The question that CRT brings forward from this scene is simple: what is the cost of such everyday practices and the terror they invoke for all? And yes, how can we begin to address them? CRT brings forward the same question embedded in the work of that one founding father, slaveholder and friend of the nation. In his uneven and often reviled Notes on the State of Virginia (1781), Jefferson paints a similar portrait: 

There must doubtless be an unhappy influence on the manners of our people produced by the existence of slavery among us. The whole commerce between master and slave is a perpetual exercise of the most boisterous passions, the most unremitting despotism on the one part, and degrading submissions on the other. Our children see this, and learn to imitate it; for man is an imitative animal. This quality is the germ of all education in him.

We often have placed CRT in its proper temporal location, born out of a British inheritance forged in the belly of a post-WWII Britain as cultural studies and its attention to class and racial difference. But perhaps, at least in the “American” frame, it is time to acknowledge that the questions asked by CRT are indeed much older than that and that these questions are part of the fabric of our nation’s founding and the particular ethico-political crisis that the practice of slavery posed for us. What indeed to do with slavery’s effect and affect, as one endures as a persistent and staggering inequality and the other performs its constant obligation through a culture of unaccountability, just as Mr. Jefferson outlines.

As scholars of this place called “America,” we must carry these questions forward. CRT is not a British invasion, or a plot by liberal-minded intellectuals to undermine the work of this nation. Instead, it is a founding discourse that attempts to bring forward the historical questions that not only haunt us, but were posed by us. CRT examines the everyday realities of living in which those questions rest and persist. It is a means of liberating ourselves from the muscle memory that produces unethical action. It is a way of looking at our collective history and how it carries forward into our now. It helps us to adopt a strategy for bravely confronting our weaknesses and contradictions so that we can cohere around our strengths. If it feels painful, then it is working; we must move through that pain. Think of this intellectual work as your mind at the gym or on a run. All athletes know that to be good at anything, we step up to the pain and move through it; when muscles begin to slowly burn, the body builds and gets stronger. Most runners live for that moment when the endorphins move us into a space that transforms our sense of who we are and what we can do. That work is transformative, and it is, we would argue, an ethic of not just care, but love. Our Chancellor so aptly stated that we need to “ask questions and don’t assume you know the answers.” This is the bedrock of CRT work – it asks questions and because it doesn’t provide immediate answers, it challenges us to do the intellectual work necessary to build our community together.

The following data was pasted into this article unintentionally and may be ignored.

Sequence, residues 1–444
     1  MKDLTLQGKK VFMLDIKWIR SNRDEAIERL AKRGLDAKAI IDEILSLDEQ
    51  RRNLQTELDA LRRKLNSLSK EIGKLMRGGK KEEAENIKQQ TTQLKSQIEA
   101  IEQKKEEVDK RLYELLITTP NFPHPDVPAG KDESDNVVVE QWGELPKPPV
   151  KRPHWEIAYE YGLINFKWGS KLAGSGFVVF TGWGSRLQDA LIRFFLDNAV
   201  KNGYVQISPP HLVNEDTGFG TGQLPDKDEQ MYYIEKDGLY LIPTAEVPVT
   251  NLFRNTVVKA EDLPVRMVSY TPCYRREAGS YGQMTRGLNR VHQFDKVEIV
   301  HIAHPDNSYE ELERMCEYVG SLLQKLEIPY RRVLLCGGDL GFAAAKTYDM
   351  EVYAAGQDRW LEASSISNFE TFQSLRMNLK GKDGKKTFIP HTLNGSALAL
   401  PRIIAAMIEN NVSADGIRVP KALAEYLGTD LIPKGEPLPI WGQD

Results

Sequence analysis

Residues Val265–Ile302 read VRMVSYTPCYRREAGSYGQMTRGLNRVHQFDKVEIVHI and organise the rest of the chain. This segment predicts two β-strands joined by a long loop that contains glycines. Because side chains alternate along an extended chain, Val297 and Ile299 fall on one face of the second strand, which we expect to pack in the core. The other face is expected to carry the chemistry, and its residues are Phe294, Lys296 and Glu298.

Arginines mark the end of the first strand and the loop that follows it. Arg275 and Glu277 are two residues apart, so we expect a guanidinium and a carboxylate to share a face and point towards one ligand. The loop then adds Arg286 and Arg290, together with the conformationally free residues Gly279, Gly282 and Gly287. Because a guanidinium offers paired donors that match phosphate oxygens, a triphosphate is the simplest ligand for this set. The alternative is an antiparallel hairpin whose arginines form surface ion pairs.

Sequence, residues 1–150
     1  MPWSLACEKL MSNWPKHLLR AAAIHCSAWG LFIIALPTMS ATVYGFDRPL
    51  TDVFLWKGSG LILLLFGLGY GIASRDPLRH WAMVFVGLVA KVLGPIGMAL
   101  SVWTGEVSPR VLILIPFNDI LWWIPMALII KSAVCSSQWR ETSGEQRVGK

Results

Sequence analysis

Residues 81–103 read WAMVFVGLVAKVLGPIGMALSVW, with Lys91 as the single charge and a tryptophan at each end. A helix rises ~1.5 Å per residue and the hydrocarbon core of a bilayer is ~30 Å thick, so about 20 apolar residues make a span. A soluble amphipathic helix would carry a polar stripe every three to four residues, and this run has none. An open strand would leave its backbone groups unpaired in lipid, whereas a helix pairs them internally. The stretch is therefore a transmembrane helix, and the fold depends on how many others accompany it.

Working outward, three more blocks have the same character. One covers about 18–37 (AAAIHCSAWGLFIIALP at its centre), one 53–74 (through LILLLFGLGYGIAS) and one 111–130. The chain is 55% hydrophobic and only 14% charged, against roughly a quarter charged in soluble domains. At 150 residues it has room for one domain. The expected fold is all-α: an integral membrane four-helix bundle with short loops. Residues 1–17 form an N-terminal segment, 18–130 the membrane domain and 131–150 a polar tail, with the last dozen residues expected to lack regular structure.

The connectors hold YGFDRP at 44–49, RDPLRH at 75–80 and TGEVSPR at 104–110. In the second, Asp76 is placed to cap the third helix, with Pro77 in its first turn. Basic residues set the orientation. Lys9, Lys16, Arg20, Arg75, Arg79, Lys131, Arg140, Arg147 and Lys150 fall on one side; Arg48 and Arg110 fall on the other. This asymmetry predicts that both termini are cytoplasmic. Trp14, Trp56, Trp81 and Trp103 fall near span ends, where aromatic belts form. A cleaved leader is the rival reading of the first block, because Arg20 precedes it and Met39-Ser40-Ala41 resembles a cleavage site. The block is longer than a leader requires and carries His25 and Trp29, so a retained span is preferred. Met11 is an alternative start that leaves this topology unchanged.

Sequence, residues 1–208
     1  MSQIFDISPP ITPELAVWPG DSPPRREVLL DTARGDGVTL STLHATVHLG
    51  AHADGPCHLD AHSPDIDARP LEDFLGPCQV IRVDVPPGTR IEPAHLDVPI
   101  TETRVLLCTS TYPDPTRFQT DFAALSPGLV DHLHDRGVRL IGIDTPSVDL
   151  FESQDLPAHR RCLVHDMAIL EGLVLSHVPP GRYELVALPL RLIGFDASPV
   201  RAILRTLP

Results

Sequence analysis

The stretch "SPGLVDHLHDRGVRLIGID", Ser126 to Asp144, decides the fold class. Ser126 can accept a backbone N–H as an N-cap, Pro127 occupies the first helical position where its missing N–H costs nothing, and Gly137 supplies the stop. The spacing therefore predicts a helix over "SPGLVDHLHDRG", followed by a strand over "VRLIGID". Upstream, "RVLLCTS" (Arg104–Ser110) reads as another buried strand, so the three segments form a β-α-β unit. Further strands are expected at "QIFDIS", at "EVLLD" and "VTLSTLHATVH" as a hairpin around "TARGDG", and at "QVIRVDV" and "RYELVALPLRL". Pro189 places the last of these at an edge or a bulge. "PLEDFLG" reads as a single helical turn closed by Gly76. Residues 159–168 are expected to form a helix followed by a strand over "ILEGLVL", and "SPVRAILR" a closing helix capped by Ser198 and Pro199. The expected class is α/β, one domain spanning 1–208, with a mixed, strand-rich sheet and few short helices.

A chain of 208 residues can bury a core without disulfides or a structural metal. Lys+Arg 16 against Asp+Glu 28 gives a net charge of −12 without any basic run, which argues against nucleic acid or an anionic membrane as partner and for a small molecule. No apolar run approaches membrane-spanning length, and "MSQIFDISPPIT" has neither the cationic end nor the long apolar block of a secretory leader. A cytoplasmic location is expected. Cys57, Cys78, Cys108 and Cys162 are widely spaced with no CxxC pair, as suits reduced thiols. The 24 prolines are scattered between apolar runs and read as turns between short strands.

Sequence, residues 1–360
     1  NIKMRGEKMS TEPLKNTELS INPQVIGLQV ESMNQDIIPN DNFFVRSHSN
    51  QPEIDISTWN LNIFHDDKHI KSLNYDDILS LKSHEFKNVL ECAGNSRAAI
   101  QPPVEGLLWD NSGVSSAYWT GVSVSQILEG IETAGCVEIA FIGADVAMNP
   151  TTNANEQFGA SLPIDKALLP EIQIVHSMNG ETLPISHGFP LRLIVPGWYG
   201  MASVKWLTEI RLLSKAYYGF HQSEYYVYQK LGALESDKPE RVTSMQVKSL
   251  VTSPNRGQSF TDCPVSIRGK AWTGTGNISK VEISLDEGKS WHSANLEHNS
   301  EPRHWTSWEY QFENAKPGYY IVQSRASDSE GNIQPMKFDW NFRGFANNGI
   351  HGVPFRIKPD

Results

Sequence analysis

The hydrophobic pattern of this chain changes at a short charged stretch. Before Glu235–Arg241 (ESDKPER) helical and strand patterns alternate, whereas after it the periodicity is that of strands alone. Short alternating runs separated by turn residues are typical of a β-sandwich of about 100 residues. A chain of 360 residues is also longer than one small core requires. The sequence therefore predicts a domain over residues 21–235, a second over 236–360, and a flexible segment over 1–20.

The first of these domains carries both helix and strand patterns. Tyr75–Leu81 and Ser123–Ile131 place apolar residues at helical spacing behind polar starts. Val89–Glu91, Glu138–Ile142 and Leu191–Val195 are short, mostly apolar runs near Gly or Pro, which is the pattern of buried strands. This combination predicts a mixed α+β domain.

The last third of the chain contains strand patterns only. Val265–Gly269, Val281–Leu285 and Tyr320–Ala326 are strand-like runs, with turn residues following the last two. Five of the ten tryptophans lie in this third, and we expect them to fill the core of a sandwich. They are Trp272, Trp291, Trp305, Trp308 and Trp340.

–The Critical Ethnic Studies Collective at Carolina